Monday, 17 January, 2022
HomeOpinionRajkumar Hirani is Bollywood's 'middle-class reformer', making us swallow the hard pill

Rajkumar Hirani is Bollywood’s ‘middle-class reformer’, making us swallow the hard pill

Rajkumar Hirani is Bollywood's Shri Shri of feel-good keywords — from 'jadu ki jhappi' to 'aall izz well'.

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Bollywood director Rajkumar ‘Raju’ Hirani has been making Indians swallow a hard pill without flinching, hesitating or offending. It is an art Hirani has mastered. From corruption to superstition to the Great IIT Race — he has attacked all modern anxieties of India. That makes him a middle-class reformer.  He’s the Shri Shri of feel-good keywords — jadu ki jhappi and aall izz well.

Life mein jab time kam rehta hai na… double jeena ka, double” — these words were spoken by Munna in Munna Bhai MBBS (2003). From a local goon enrolled in a medical college to a patient in a vegetative state — these characters are an embodiment of the Nagpur-born filmmaker Rajkumar Hirani’s filmography. His socially-conscious films with characters from middle-class society in the lead often inspire a simple message: To live life to the fullest.

In over 20 years in the Hindi film industry, Hirani may only have six films to his credit as a director, but he is often hailed as one of the best filmmakers of his time. Why so? The simplicity and authenticity of his characters, no matter if they are called Ranchodas Shamaldas Chanchad, Circuit, Jagat Janani, Chatur (a.k.a. Silencer) or Phunsukh Wangdu, evoke a ‘this is me’ sentiment. The Bollywood director, who turns 59 today, likes to keep it “quirky”.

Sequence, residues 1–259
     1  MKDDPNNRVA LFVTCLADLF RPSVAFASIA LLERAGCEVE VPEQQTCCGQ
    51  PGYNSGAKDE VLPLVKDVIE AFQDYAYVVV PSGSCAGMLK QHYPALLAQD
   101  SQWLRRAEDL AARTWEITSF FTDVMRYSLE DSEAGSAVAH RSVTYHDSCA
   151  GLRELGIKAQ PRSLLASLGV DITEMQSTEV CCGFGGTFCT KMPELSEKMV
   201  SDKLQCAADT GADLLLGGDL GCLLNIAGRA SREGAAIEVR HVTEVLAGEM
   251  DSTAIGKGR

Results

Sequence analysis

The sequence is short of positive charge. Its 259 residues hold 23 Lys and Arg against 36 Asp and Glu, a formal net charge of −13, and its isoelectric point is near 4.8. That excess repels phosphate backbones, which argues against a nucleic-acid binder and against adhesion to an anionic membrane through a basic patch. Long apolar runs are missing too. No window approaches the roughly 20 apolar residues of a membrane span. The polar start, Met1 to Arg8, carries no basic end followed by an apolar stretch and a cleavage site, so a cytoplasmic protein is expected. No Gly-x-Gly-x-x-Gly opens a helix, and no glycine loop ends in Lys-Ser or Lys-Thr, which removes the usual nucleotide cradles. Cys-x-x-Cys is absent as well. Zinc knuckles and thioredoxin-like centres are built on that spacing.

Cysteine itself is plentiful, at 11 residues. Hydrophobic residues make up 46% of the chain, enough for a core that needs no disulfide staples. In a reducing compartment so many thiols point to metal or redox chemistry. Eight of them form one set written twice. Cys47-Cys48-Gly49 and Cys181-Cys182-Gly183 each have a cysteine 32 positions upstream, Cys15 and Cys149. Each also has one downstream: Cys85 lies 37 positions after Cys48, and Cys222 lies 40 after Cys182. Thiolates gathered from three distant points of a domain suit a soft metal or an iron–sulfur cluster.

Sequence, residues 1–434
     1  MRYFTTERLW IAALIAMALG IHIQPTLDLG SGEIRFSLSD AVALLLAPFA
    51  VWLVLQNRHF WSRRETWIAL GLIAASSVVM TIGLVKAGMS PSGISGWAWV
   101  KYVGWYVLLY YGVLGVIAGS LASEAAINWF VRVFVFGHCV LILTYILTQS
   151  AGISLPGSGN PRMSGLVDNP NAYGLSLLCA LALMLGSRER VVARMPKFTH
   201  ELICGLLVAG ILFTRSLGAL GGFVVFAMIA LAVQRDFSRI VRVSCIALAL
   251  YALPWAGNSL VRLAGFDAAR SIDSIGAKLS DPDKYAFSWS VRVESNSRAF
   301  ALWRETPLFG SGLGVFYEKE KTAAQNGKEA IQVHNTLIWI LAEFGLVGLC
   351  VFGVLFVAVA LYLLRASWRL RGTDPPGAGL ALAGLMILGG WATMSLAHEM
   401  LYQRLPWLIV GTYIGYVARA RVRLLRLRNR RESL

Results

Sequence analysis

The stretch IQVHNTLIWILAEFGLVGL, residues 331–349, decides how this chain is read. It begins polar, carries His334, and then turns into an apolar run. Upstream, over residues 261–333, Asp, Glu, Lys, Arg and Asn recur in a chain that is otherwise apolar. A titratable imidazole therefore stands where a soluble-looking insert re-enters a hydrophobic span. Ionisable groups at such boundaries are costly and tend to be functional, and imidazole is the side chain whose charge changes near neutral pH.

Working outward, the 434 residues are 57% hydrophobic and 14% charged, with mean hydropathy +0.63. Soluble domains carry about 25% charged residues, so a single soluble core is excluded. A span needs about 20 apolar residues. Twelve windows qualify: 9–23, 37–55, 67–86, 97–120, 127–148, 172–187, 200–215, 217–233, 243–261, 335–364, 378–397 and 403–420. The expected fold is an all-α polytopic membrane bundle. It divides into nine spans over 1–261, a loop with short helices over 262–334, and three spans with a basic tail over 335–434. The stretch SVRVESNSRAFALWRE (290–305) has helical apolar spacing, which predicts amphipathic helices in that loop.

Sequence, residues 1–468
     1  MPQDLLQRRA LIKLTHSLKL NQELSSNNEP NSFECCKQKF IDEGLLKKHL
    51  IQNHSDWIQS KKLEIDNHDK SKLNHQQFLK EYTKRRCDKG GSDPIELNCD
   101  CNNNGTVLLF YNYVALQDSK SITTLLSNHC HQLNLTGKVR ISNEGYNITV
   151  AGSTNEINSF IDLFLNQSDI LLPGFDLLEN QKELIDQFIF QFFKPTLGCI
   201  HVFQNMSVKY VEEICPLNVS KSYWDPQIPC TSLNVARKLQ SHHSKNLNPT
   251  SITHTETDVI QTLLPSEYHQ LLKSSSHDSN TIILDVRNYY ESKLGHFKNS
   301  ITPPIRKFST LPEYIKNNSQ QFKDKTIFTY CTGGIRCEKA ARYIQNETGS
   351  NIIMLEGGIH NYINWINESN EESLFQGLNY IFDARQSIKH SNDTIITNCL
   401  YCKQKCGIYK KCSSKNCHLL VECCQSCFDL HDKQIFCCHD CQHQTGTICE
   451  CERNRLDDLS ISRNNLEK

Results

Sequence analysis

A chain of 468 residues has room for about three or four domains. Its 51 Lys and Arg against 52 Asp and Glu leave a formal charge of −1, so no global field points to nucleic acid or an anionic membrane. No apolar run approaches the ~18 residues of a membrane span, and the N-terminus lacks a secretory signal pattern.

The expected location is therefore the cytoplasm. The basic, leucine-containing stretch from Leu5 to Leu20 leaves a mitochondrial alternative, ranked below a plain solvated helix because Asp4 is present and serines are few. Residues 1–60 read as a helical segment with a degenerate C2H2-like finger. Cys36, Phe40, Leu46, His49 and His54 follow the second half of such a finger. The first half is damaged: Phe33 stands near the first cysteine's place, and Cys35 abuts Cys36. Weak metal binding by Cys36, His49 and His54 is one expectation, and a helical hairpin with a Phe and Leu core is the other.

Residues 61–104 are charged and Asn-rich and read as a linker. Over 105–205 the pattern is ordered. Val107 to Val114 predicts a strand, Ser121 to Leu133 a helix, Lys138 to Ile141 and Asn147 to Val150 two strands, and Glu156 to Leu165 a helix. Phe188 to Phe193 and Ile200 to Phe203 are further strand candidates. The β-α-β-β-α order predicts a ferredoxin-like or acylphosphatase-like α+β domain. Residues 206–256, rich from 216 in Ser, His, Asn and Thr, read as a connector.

With no release in the offing, Hirani’s last directorial venture came in 2018 with Sanju, a biopic based on actor Sanjay Dutt’s controversial life. It was a big hit despite Hirani receiving criticism, a rarity for him, for whitewashing a flawed protagonist while accusing the media of bias.

Hirani’s perfect record at the box office, however, is no fluke. His first directorial venture may have been a blockbuster, but his success has not been an overnight miracle. He worked in advertising and as a film editor before taking on the mantle of directorship. He has also edited all the films he directed.


Also Read: Sanjay Dutt’s Sanju is so busy abusing media that it forgets how evil 1993 plot was


‘Raju apna sa lagta hai’

Hirani has emerged as one of the best storytellers in the history of contemporary cinema. He is often hailed as the “Christopher Nolan of Bollywood”, regardless of how different their filmography has been so far. So much so, that when Bollywood superstar Shah Rukh Khan was asked on Twitter during an AMA (Ask Me Anything) session who he would choose between The Wolf of Wall Street (2013) director Martin Scorsese and Interstellar (2014) filmmaker Christopher Nolan, he chose Hirani over the two international film directors.

The good news for fans is that SRK and Hirani will be teaming up for a film soon.